In the case of the ACN Care.Wallet, we even foresee this as one way to improve the revenue cycle by reimbursing providers more quickly and reducing the number of unpaid claims due to

verification issues discovered long after care has been delivered. I know of no other industry that will deliver services in good faith on a promise to receive all, or perhaps part, of the bill from a third party at some point in the future. The result of this archaic system is a huge burden that requires independent doctors to hire staff and jump through onerous administrative hoops to get paid.  This takes them away from their first passion, which is listening and talking with patients and providing clinical care —and it drives up costs within our healthcare system.

Q: Is blockchain more than just a buzzword? 

DH: To think about the positive, lasting impact of blockchain technology, one need only look at the financial services industry. Initially used to lower the worldwide cost of cross-border payments, security trading and compliance, blockchain technology now has the potential to save the banking industry an astounding $20 billion by 2022, according to estimates by the management consulting firm Accenture.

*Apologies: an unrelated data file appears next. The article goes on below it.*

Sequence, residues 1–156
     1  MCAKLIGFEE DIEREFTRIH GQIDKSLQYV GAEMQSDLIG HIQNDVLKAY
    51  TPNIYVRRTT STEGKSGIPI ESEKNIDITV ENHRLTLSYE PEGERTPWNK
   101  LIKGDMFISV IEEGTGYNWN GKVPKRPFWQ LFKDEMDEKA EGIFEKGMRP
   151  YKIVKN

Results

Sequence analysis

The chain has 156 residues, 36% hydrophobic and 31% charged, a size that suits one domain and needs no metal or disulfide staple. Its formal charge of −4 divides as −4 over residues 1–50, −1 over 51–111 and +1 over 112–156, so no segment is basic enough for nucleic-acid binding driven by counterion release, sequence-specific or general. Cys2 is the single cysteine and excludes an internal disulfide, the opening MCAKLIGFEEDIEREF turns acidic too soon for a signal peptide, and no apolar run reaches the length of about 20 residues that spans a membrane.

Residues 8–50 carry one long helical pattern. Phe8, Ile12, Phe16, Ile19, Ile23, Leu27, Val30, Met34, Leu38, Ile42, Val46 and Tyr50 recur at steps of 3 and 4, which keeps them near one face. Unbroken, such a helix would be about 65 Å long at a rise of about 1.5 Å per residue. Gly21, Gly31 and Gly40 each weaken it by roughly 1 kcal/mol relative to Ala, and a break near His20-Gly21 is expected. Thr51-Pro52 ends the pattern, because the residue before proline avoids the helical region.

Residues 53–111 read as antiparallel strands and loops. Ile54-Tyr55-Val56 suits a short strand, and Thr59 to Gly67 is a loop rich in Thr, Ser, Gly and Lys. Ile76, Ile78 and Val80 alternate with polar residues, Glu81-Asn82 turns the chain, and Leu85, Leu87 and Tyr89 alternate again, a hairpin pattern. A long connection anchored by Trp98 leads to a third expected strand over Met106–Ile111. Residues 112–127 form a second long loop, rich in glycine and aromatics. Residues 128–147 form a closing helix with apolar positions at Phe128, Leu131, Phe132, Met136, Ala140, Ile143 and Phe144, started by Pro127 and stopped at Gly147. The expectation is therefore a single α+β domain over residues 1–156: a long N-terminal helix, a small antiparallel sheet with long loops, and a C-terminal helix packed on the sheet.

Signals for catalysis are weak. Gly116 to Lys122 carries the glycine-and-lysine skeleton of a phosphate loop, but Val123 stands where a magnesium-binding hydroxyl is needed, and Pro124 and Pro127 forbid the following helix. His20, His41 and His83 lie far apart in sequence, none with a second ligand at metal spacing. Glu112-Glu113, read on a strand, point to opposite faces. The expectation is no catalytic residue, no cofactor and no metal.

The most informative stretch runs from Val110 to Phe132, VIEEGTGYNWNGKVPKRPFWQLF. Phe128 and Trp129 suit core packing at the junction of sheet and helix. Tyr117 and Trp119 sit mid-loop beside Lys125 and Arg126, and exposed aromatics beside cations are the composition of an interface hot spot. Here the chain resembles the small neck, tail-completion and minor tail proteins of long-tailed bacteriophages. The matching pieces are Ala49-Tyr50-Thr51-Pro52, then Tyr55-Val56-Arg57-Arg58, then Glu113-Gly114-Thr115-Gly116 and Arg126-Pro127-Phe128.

The healthcare industry stands to reap similar benefits. Think of how blockchain could give patients access to providers, help them understand their benefits and the cost of treatment, and eliminate duplicative paperwork associated with insurance billing and payments.

Blockchain technology also can give providers a 360-degree view of a patient's care, enabling an entire medical team to communicate, coordinate and eliminate unnecessary tests and procedures that drive up healthcare costs.

This is the kind of focused application of technology that I strongly believe will empower both the patient and physician to make better collaborative decisions to improve health and drive sustainability into our healthcare system.